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When Learning Stops in an Emergency Management Organization: The Dunning-Kruger Effect on Leadership

The views expressed are those of the author and do not necessarily reflect the views of ASPA as an organization.

By Romeo B. Lavarias
July 28, 2023

In Ygnacio “Nash” Flores, Don Mason & Tracy Rickman’s PA Times article dated October 7, 2022, on “The Dunning-Kruger Effect and the Peter Principle: A Fatal Combination”, the authors defined the Dunning-Kruger Effect as when a person, “deviates from rational thinking and makes judgements based on a subjective reality they create.” It is essentially when a person believes they can do more than their abilities allow them to. The result may range from lost productivity to severe injury or even death. The effect is clear in the field of emergency management where critical decisions must be made quickly with minimal information in an ever-changing landscape of variables involving people and communities, internal and external organizations, evolving technology, critical reimbursement funding, short to long term recovery and even longer mitigation efforts. 

Much of emergency management incident leadership is often led by current or retired fire or police senior staff who are promoted by administrators who base their hiring decision on past performance (but not in emergency management). All of them have initially gained their experience in the response phase of emergency management. It leaves them unfamiliar and inexperienced in the other phases of emergency management (preparedness, prevention, recovery and mitigation). So, when they are confronted with dealing with any of these phases, they often either ignore them since they have no experience in them, or delegate it to their staff who will eventually have to seek their decision on how to proceed. Regardless, they will need to learn more than what they know and that will be labor intensive.  For many who will not put forth the effort, they will downplay the importance of doing much of what it takes to have a successful and effective emergency management program. The result will be, unfortunately, a higher risk of hazardous impact on a community.

As mentioned earlier, emergency managers must make critical decisions before, during and after an incident. Oftentimes, these decisions will rely on not just having response experience but will also need to be knowledgeable based on the other emergency management phases. Otherwise, recovery will take longer, cost more and/or worse, conditions will not improve to the point that the same devastation will happen when disaster strikes again.

In addition to responding to incidents that immediately arise, there are times when an incident slowly develops and then becomes a full-blown incident. In situations like this, the emergency management leader must rely on his/her knowledge and training to advance being proactive in case the situation develops into something more serious. Again, the emergency management leader that suffers from the Dunning-Kruger Effect will downplay the incident so as not to risk the chance of showing that he/she may not know what to do. Or worse, acts on their lack of training that puts others in danger.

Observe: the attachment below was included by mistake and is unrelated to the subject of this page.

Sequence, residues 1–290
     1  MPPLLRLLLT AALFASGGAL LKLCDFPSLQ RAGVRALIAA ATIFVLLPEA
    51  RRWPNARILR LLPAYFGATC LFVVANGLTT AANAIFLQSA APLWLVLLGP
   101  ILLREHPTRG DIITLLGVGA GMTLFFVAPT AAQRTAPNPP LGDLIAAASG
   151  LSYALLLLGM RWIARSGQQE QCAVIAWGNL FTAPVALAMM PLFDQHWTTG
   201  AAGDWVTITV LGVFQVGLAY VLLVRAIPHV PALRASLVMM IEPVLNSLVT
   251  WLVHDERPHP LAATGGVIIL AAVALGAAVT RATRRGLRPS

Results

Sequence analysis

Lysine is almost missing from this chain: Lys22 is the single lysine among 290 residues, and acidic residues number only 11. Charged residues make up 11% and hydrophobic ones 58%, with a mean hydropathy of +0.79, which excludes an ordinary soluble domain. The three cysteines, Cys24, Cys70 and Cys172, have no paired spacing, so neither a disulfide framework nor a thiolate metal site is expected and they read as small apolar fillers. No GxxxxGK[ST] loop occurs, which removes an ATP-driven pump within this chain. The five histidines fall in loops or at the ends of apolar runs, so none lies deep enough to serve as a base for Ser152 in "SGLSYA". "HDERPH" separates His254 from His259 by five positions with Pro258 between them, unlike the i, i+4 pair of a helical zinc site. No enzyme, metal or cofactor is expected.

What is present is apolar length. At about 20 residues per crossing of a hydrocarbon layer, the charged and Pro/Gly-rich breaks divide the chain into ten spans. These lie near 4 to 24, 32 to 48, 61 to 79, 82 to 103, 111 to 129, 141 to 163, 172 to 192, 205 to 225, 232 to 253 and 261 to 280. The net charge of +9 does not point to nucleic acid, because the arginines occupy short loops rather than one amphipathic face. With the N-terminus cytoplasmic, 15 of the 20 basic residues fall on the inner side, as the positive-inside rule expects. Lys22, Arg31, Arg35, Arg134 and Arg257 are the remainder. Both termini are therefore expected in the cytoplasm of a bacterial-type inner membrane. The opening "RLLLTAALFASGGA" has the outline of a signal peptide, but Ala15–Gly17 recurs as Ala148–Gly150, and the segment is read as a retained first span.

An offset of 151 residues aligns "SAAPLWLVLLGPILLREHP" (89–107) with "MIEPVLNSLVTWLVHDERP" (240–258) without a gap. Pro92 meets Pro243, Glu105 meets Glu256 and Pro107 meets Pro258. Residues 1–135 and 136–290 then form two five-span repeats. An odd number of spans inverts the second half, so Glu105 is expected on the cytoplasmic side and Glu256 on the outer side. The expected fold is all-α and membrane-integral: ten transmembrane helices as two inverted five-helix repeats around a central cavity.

One key feature of contemporary emergency management is the creation of an “After-Action Report” or AAR. The AAR reviews how an organization conducted itself in their response to an incident (hurricane, tornado, active shooter, cyber-attack, Super Bowl, July 4th celebration, etc.). Aside from describing the conditions prior to the incident and how the respective response was carried out by the organization, the AAR also addresses those areas for improvement. It relies on honest, unfettered and unbiased comments from all those that were involved. But it also relies on the ability to learn from mistakes and take the proactive action to correct them so that they don’t happen again. But what happens when emergency management leaders see the AAR more as a criticism of its response efforts, and therefore downplay or even ignore the recommendations or even deny the incident even happened? 

The Dunning-Kruger Effect in emergency management may also lead to the lack of support from, or even abandonment, of those that the organization is responsible for providing emergency management services to. Whether short term or long term, incompetence will be revealed since emergency management works on many different levels, i.e., levels of government, variety of authoritative laws, policies, procedures, political atmosphere, etc. So without the respect and support of internal staff and internal/external organizations, emergency management efforts are further eroded which then exacerbates the incident adding more frustration, cost and delays to an already challenging incident.

Today’s emergency management organizations will need those professionals who have the training and experience to know what to do immediately, in the short term and in the long term of an incident. The level of success a community can experience before, during and after these incidents will require having emergency management leaders who are knowledgeable, experienced, ethical and constantly learning.  In today’s world of more natural disasters, pandemics, active shooters, extreme weather events, etc., can we afford to have emergency management leaders who suffer from the Dunning-Kruger Effect?

Author: Romeo is the Emergency Manager for the City of Miramar, FL and is an Adjunct Professor for Barry University’s Public Administration Program where he teaches undergraduate and graduate courses. He is a Certified Emergency Manager through the International Association of Emergency Managers. His research interests include emergency management, homeland security, ethics, and performance measurement. 

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